Welcome to issue 13 of MapForum.

Summer in London has been an interesting and active time for me, with a heavier than usual round of dealing and cataloguing, and less time in the British Library than normal.  One magnet there, however, is their excellent Map Exhibition, which is discussed elsewhere.  I would highly recommend it to any one who is in London who has a couple of hours (or preferably longer) spare.

August also saw the retirement of Tony Campbell as the British Library’s Map Librarian, after some fourteen years in the post.  Tony’s career has been a time of dramatic change for the Map Library.  The first and most important has been the removal of the entire collection from the old home in the British Museum building in Bloomsbury to the new library on the Euston Road.  Despite the massive amount of material involved, from the collections, the offices and so on, this was achieved and the new reading room opened with only one month closure to readers.

A second major development was the CD-ROM Map Library catalogue, which now allows much greater ability to access the collection by speeding up catalogue searching, and to “number crunch” compared with the old printed catalogue.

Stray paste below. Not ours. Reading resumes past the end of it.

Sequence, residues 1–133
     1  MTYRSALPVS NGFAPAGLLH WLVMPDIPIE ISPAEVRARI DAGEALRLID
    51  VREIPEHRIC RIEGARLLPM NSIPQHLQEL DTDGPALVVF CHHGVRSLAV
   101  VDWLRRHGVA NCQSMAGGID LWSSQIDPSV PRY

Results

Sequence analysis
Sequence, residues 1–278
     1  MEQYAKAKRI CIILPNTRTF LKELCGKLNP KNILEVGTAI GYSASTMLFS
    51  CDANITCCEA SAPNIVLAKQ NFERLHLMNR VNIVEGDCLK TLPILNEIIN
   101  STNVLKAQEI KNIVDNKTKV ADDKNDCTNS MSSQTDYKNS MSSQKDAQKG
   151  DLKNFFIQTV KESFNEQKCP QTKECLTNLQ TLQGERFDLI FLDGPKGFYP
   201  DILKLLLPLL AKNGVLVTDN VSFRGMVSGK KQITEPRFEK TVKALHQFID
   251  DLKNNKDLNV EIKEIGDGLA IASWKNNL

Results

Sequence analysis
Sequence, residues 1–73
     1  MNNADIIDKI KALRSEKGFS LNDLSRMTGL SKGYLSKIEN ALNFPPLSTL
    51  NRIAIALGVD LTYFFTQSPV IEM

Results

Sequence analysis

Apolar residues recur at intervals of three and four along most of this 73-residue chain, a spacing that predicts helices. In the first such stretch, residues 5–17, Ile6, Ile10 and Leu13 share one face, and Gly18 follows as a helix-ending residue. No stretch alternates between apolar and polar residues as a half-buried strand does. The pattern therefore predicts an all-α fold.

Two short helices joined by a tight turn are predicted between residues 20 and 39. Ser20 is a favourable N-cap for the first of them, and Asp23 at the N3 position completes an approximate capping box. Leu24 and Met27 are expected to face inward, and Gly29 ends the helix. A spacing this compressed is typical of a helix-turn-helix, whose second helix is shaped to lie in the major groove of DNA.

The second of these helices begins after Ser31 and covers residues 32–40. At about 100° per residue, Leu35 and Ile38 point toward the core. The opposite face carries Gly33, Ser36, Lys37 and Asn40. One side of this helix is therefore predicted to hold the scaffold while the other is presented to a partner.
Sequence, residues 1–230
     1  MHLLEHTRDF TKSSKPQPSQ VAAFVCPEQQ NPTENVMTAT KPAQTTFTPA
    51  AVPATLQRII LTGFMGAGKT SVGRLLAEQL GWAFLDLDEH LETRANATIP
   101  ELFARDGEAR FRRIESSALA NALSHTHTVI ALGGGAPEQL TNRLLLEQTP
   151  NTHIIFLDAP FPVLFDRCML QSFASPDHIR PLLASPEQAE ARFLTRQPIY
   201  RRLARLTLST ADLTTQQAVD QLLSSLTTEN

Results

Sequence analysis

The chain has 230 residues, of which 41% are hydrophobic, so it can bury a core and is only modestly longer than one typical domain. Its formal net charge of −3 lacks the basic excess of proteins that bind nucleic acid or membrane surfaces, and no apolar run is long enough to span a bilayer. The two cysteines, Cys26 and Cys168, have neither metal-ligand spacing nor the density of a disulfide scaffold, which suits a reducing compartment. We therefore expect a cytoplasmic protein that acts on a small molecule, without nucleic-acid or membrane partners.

Tony has also been closely involved in other projects - International Conferences, Imago Mundi, the Warburg ‘Maps and Society’ lectures, and establishing and updating his Map History website, an important and very useful portal into the world of maps.

With all his official duties and other roles, Tony has always been generous with his advice and expertise - I certainly have benefited greatly from his wit and wisdom - either in person or the many books and articles that he has written.

While one may talk of his retirement, I am sure - and John Speed as usual has the apposite quotation - that retirement is merely “setting this hand free from the daily imploiments of a manuall trade, and giving it full liberty thus to express the inclination of [Tony’s] mind  ...”   I look forward to a further flowering of his pen.  I believe, after a short break, Tony will return to the fray to continue to work on his important listing of manuscript cartographic items within the Library, while maintaining his many other projects, and I look forward to seeing him before too long in the BL.

As the Proclamation goes, “The King is dead, long live the King”, and I am delighted that the mantle has passed to Peter Barber, the Deputy Map Librarian, and I wish him, and his staff, every success in the coming years.

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